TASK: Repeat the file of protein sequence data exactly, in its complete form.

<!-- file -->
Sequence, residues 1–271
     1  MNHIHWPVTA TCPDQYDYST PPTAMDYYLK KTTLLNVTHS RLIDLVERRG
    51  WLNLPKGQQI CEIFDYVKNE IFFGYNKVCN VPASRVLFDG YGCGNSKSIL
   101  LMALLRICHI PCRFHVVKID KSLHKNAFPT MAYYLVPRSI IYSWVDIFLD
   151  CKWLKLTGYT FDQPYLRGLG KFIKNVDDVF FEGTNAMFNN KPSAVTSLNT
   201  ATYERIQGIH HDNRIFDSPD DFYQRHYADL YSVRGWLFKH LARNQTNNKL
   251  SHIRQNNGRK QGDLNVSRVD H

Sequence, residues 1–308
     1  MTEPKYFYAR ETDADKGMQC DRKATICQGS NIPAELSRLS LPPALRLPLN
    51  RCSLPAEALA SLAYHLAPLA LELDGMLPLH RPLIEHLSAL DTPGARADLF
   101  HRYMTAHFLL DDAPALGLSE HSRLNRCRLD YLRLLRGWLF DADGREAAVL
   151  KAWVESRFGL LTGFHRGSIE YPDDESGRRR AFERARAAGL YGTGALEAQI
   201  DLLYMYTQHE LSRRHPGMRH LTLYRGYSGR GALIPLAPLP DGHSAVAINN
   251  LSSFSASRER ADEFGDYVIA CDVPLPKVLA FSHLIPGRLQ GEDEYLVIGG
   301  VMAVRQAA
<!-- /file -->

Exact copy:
Sequence, residues 1–271
     1  MNHIHWPVTA TCPDQYDYST PPTAMDYYLK KTTLLNVTHS RLIDLVERRG
    51  WLNLPKGQQI CEIFDYVKNE IFFGYNKVCN VPASRVLFDG YGCGNSKSIL
   101  LMALLRICHI PCRFHVVKID KSLHKNAFPT MAYYLVPRSI IYSWVDIFLD
   151  CKWLKLTGYT FDQPYLRGLG KFIKNVDDVF FEGTNAMFNN KPSAVTSLNT
   201  ATYERIQGIH HDNRIFDSPD DFYQRHYADL YSVRGWLFKH LARNQTNNKL
   251  SHIRQNNGRK QGDLNVSRVD H

Sequence, residues 1–308
     1  MTEPKYFYAR ETDADKGMQC DRKATICQGS NIPAELSRLS LPPALRLPLN
    51  RCSLPAEALA SLAYHLAPLA LELDGMLPLH RPLIEHLSAL DTPGARADLF
   101  HRYMTAHFLL DDAPALGLSE HSRLNRCRLD YLRLLRGWLF DADGREAAVL
   151  KAWVESRFGL LTGFHRGSIE YPDDESGRRR AFERARAAGL YGTGALEAQI
   201  DLLYMYTQHE LSRRHPGMRH LTLYRGYSGR GALIPLAPLP DGHSAVAINN
   251  LSSFSASRER ADEFGDYVIA CDVPLPKVLA FSHLIPGRLQ GEDEYLVIGG
   301  VMAVRQAA